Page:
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Shepherd’s Fight Sheep Wander – A Preacher’s Position on Andy Stanley’s Preaching Interview

Recently Pastor Andy Stanley was interviewed by Ed Stetzer.  They discussed preaching and Pastor Stanley’s views on preaching.  I was quite interested.  I enjoy listening to or reading good preachers talking about how they preach because, to the delight and possible surprise of my congregation, I am trying to become a better preacher.  You can find his interview and comments here.  Then, pastor Stanley says something that made me fall out of my chair.

“Guys that preach verse-by-verse through books of the Bible– that is just cheating. It’s cheating because that would be easy, first of all. That isn’t how you grow people. No one in the Scripture modeled that. There’s not one example of that.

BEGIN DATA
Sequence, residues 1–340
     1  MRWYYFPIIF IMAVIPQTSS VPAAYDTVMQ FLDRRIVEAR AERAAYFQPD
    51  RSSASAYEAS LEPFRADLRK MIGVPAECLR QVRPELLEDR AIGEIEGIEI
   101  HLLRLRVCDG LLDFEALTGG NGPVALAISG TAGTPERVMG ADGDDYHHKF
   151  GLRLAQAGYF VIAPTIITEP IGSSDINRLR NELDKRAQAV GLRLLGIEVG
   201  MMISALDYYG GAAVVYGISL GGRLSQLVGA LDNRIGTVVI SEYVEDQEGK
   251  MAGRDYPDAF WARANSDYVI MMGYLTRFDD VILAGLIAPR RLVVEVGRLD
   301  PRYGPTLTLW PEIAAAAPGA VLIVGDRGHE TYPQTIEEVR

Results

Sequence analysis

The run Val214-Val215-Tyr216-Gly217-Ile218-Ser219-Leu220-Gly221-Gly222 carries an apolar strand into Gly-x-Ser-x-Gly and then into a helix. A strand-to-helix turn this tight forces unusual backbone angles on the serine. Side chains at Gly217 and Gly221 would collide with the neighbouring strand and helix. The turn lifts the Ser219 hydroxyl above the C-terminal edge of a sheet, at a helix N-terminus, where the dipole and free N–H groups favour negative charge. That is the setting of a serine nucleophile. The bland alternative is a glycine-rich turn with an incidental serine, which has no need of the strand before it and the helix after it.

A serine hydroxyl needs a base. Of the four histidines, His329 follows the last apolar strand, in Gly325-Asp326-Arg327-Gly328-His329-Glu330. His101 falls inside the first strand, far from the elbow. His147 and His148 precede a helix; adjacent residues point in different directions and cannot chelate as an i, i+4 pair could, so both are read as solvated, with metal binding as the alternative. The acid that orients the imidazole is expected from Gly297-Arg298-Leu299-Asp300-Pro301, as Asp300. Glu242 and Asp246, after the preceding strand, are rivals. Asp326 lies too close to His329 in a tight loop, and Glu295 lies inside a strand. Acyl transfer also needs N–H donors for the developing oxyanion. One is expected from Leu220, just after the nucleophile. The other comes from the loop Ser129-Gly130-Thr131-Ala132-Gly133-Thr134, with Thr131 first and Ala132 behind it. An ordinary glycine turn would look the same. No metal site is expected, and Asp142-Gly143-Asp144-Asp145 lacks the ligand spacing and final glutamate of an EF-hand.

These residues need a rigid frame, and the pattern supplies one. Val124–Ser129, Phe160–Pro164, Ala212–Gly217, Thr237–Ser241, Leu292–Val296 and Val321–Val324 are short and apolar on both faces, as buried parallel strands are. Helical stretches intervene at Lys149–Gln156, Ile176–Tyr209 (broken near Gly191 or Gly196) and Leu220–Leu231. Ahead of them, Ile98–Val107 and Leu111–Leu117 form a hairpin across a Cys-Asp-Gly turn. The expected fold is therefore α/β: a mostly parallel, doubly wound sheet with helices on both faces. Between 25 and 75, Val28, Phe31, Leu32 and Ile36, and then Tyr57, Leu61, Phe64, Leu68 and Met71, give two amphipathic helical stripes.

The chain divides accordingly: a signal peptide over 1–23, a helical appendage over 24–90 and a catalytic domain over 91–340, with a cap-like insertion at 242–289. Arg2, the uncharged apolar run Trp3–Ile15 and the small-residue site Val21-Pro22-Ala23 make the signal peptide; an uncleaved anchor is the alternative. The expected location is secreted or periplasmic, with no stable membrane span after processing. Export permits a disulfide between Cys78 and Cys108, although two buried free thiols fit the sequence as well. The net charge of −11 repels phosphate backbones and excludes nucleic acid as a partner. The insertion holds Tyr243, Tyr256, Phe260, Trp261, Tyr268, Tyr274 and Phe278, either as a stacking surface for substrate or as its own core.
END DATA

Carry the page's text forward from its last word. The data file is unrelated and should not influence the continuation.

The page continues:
All Scripture is equally inspired, but not all Scripture is equally applicable or relevant to every stage of life. My challenge is to read culture and to read an audience and ask: What is the felt need? Or perhaps what is more important, what is an unfelt need they need to feel that I can address? Because if they don’t feel it, then they won’t address it.”  Pastor Andy Stanley

I want to take a minute and address this comment, but before I do, let me state that I have respect for pastor Stanely. I think he is an excellent communicator, which is why I was excited to hear him discuss preaching. I hope that you do not take my comments on this one interview as my opinion of pastor Stanley’s ministry because even though I disagree strongly with the above statement, I respect pastor Stanley and his ministry. I do, however, preach verse by verse in my sermon series, and I take offense to these comments.